"Tomb Raider" flubs planet alignment
Q: My sister and I were watching the movie "Tomb Raider" and we were wondering if it is true or
possible that all the planets can be perfectly aligned as shown in the movie? -Roberto M.
A: All the planets can align but not the way the movie showed it: perfectly in a row (at least not within the life
of the solar system).
[John Mosley, Griffith Observatory] May 5, 2000 alignment. The planets from bottom to top: Earth, Sun,
Mercury, Venus, Mars, Jupiter, Saturn
In an early scene, we see the actress, Angelina Jolie, semi reclining while looking through a telescope at the
developing alignment. She sees the planets Uranus, Neptune, and Pluto beginning to align. It's highly unlikely
to happen that way-ever--because our planets orbit the Sun in different planes. Each orbit is tilted off from the
others and Pluto is tilted a whopping 17 degrees.
In 1952 BC, probably the closest alignment on record, involved the six planets Mercury through Saturn. Then,
seen from Earth, they were all within a circle that was about six times wider than the Full Moon. Something,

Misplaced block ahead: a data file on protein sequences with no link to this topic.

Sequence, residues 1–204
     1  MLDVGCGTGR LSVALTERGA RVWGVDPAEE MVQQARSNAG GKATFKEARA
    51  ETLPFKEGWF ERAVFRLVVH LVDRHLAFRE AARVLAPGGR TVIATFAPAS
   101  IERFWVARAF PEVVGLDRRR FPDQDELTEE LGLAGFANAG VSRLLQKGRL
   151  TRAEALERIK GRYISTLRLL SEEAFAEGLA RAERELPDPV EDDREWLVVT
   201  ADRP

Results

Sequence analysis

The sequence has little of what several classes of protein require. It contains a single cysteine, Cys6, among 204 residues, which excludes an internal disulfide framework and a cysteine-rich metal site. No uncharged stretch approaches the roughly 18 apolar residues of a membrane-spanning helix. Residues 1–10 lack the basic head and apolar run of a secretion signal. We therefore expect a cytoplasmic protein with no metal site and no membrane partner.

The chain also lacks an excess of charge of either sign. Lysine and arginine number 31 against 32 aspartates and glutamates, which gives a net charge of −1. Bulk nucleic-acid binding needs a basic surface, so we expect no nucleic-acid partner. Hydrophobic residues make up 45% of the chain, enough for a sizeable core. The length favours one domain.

surely, to marvel at but not the perfect geometry of the movie. Angelina could never fit that circle of planets
within her field of view in the telescope, not to mention the rest of them: Uranus, Neptune, and Pluto.
Our figure depicts the most recent planetary conjunction, occurring on May 5, 2000 as seen from above the
Sun's North Pole. It's sort of in a line but not perfectly.
The probability of all nine planets and the Moon aligning perfectly is 1 in 86 billion-trillion-trillion-trillion years. Our solar system has
only been around for 4.6 billion years and its total life is only 10 billion years. The chances are: it won't happen during the lifetime of our
Moon, Sun, and planets.
(Answered by April Holladay, science correspondent, February 20, 2002)
Bad Astronomy: Tomb Raider
East Tennessee State U: Probability of perfect alignment
Griffith Observatory: Planetary Alignments
Bad Astronomy: Conjunction
Oklahoma School of Science and Math: Conjunctions